Boomers Have Unrealistic Expectations About Job Flexibility and Pay in Retirement
Nearly two-thirds (60%) of America’s Baby Boomers plan to work for pay in retirement, however, they are unrealistic about the compensation and work arrangements, according to a new study commissioned by Bankers Life Center for a Secure Retirement ® (CSR).
The CSR study— New Expectations, New Rewards: Work in Retirement for Middle-Income Boomers— surveyed 1,005 middle-income Boomers and 2,293 retired Boomers aged 51 to 69 with an annual household income between $25,000 and $100,000.
While more than half of nonretirees would be willing to take a pay cut for their work in retirement, only two in 10 (21%) would be willing to work for much less per hour, and a quarter (26%) would not be willing to work for less at all. These expectations don’t match the reality— more than half (53%) of currently employed retirees report making much less per hour now than before retirement, the study cites.
In terms of work arrangements, nearly all (94%) nonretirees who plan to work in retirement would like some type of special work arrangement, such as flex-time (56%), telecommuting (20%), compressed work schedule (17%) or job-sharing (14%). Yet only about one-third (37%) of currently employed retirees report having such an arrangement.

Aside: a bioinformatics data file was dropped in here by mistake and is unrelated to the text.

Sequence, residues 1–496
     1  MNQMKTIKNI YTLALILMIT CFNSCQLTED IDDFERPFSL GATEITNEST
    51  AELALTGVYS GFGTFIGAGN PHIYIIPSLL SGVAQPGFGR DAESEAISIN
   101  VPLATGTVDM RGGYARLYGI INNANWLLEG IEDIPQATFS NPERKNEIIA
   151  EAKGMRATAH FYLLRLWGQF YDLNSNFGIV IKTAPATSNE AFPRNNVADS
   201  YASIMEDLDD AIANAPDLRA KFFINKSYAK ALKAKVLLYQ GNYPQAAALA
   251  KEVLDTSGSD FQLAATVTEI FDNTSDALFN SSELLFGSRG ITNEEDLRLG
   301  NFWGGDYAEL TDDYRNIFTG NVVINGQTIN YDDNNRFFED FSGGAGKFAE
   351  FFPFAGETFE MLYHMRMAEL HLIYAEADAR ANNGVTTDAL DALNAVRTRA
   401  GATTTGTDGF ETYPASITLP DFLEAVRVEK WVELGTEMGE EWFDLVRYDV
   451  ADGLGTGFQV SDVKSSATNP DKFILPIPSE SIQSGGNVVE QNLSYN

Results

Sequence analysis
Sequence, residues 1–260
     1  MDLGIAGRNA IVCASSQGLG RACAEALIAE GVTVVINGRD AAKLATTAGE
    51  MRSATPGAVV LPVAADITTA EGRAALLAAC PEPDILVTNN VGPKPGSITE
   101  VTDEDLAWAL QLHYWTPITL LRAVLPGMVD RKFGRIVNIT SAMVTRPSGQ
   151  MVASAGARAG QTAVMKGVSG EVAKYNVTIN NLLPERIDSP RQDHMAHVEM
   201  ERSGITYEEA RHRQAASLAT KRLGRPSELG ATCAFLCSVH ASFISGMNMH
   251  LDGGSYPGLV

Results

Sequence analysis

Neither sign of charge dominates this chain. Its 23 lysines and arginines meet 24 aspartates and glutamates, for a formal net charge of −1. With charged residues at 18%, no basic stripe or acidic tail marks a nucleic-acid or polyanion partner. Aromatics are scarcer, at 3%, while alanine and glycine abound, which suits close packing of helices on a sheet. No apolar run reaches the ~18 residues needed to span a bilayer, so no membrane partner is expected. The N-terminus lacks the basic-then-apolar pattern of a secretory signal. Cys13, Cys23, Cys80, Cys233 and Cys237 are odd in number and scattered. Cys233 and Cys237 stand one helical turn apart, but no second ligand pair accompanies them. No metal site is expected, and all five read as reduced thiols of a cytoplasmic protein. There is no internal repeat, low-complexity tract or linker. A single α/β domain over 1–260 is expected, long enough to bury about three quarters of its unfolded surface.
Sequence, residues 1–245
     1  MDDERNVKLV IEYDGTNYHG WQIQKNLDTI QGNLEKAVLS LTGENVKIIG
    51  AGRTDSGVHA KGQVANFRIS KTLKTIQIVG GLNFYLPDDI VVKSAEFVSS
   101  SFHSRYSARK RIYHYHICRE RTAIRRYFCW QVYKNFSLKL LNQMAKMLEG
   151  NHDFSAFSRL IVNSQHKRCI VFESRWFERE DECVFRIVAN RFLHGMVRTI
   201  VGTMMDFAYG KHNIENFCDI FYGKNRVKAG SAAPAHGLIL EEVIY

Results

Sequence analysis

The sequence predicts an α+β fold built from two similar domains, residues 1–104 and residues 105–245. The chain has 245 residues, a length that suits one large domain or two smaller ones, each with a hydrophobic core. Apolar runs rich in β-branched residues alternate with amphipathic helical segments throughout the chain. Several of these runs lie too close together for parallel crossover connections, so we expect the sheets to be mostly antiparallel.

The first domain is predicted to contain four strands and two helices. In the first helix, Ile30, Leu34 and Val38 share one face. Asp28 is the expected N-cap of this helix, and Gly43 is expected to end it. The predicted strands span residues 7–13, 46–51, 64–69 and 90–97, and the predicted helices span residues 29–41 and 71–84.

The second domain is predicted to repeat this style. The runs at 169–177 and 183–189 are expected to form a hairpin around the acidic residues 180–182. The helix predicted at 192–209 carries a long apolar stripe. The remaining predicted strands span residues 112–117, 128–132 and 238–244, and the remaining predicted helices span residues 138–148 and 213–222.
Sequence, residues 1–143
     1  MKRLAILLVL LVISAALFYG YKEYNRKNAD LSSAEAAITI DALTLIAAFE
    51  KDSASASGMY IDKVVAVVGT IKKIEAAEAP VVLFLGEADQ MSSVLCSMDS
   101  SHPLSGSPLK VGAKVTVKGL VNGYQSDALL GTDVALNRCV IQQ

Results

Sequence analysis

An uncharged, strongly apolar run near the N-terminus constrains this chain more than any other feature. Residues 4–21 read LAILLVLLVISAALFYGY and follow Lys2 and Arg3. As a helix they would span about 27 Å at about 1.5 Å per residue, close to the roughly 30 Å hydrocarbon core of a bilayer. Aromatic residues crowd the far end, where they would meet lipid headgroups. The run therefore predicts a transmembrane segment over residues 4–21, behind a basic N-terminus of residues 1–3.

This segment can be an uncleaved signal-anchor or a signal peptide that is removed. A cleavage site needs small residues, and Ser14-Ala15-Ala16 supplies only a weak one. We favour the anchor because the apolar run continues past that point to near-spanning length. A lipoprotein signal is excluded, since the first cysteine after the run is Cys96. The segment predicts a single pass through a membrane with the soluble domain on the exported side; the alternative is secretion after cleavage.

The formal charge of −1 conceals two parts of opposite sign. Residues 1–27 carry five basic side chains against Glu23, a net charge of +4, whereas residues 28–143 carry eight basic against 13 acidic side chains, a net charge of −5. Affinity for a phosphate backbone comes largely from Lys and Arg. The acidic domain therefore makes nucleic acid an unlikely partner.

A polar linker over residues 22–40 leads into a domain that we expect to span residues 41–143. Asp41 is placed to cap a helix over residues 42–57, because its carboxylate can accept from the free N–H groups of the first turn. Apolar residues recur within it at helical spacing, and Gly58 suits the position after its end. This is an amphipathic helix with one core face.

Job opportunities for retired workers
Boomer Retirees represent a large and growing category of potential workers willing to “reenter the workforce.” In fact, the Bureau of Labor Statistics projects that by 2020, those 55 and older will be 25.2 percent of the labor force.
While 80 percent of employed retirees report that it was easy to find a job in retirement, more than three in five (61%) middle-income Boomers feel there are inadequate job opportunities for retired workers.
Retirees seek training and education
While retirees are willing to make some sacrifices in compensation in return for greater flexibility, they are not willing to forgo training and growth opportunities. Employed retirees are interested in expanding their skills and broadening their knowledge.
Four in 10 (39%) employed retirees say they have completed work-related classes, education or training since retiring, including those who pursued training on their own (18%), those who received the training from their employer (17%), and those who received training both on their own and from an employer (4%).
Working in retirement surprises
When employed retirees were asked about the biggest surprise about working in retirement, the overwhelming response is that work is more enjoyable. They also enjoy the added income, the job opportunities available to them and meeting new people.
Working in retirement advice